Have you ever been wrong about someone? No? Me neither … I wish.
Have you ever said something hurtful and then realized that you had your facts wrong or that you had misread the situation? It is really bad when you have been feeling self-righteous and judgmental.
I just finished reading a story about a man released from prison because the jury was so outraged by how horrific the crime was that they didn’t pay close enough attention to the person they decided to blame. The jury judged so harshly because they saw what a human was capable of, and it terrified them. They couldn’t look the accused in the eye or listen to his voice or his side. They had to judge him, sentence him, get him out of their sight, lest they have to deal with what might be in their own souls.
A friend who is a very successful pastor and leader made a mistake. We all have, but the difference is her colleagues tried to use hers to destroy her. They didn’t succeed, but they might have. She wondered why they tried because she certainly had done nothing to hurt them. It was easy to say it was jealousy, but I think it was more than that. Somehow, when a successful person stumbles, the blood in the water stirs a primordial fear in us. We attack because we must numb the fear that, if they can make a mistake like that, well, what might we do? Oh, there is jealousy and a chance to bring someone down to our size, but it is because we are afraid of how small a size we might be if the truth ever came out about us.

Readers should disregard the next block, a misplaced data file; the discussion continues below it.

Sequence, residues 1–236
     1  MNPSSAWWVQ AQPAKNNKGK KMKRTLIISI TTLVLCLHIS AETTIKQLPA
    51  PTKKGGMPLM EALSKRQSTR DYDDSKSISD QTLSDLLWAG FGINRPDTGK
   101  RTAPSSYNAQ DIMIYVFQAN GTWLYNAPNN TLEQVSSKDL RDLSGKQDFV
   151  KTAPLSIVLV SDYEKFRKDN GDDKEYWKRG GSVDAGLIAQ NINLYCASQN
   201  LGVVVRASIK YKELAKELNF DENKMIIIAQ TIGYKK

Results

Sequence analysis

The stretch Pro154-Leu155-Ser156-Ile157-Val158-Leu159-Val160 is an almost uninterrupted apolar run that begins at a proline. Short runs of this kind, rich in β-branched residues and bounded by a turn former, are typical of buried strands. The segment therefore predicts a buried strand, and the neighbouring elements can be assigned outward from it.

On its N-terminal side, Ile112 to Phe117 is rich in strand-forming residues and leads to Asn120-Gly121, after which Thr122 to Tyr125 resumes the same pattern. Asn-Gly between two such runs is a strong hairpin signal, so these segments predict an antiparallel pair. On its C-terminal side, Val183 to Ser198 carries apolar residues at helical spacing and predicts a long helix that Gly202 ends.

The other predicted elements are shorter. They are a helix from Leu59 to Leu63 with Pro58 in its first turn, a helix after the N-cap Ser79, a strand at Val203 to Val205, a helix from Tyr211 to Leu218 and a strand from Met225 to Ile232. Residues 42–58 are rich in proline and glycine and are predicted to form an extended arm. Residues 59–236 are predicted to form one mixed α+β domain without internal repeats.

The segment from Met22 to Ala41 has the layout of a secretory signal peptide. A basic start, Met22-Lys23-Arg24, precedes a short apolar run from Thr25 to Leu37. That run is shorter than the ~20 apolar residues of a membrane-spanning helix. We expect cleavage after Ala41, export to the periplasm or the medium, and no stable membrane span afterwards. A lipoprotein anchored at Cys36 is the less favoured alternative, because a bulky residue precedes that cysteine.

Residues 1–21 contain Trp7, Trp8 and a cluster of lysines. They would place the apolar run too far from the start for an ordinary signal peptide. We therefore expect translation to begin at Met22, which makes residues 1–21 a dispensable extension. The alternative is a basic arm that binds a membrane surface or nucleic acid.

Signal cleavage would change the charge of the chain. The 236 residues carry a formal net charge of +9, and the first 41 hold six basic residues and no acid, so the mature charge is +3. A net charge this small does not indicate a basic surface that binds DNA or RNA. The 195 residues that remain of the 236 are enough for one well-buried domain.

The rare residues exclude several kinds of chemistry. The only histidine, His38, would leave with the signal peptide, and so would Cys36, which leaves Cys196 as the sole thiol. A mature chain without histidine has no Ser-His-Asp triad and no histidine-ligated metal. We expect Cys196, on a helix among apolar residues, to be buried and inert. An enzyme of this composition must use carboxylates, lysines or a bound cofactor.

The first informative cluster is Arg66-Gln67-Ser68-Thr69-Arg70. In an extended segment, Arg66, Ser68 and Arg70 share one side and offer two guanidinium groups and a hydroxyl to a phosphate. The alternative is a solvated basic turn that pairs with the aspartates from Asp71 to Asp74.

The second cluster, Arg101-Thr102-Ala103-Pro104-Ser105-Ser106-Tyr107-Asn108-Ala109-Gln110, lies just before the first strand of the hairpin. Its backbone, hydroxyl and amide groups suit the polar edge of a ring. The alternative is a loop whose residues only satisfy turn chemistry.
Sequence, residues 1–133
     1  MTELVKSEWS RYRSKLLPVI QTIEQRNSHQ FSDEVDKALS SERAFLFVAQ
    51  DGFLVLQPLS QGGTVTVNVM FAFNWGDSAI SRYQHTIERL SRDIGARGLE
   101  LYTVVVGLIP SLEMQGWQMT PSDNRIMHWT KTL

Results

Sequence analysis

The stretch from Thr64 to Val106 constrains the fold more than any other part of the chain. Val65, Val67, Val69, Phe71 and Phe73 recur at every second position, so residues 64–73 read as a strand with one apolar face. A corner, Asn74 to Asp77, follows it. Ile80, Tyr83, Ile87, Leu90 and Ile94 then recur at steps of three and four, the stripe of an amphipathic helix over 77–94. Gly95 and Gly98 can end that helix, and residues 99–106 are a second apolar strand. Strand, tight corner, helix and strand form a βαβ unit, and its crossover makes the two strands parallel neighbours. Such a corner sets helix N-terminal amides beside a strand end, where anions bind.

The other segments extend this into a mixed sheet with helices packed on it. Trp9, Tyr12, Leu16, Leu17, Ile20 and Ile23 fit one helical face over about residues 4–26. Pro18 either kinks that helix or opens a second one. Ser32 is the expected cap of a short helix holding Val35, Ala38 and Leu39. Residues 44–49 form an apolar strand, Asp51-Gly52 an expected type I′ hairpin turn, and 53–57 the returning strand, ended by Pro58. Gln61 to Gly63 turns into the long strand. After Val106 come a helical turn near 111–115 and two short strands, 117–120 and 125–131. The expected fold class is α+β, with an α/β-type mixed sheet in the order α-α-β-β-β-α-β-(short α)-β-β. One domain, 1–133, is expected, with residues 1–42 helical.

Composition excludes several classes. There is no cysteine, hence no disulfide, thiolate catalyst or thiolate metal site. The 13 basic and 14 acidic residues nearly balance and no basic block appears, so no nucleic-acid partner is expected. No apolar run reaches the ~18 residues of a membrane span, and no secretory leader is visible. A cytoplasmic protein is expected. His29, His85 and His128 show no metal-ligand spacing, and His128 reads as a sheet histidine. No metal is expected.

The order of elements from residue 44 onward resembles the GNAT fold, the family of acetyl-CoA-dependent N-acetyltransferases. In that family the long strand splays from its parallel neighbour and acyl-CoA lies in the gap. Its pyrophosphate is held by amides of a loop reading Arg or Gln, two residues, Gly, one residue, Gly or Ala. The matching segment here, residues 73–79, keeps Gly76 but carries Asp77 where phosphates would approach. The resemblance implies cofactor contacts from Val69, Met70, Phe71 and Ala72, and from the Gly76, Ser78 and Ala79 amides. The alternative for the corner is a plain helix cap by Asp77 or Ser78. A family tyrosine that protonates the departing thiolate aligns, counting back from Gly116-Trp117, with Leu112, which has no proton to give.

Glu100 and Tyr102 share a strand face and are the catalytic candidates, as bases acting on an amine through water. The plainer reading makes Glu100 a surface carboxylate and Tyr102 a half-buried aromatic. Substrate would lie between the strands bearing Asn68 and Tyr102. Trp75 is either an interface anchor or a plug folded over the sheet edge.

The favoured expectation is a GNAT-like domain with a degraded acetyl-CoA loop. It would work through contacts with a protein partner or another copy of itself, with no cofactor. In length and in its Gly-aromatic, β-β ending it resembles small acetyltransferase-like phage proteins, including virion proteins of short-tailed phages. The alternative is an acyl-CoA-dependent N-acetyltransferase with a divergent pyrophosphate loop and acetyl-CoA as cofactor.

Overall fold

These days I stay in bed for a long time before I get up. Part of it is because I am afraid. I know that I carry in my heart a lot of pain, grief, and fear, and I can’t take it out on the cancer. It terrifies me, though, who I might take it out on. It would be nice if I thought I was too healthy or holy to do that. Unfortunately, I’m just healthy enough to know that I’m not. So, I lay there and pray that will be enough.
Lent is an invitation to dare to know these things about ourselves lest others pay the price.
Rev. Michael Piazza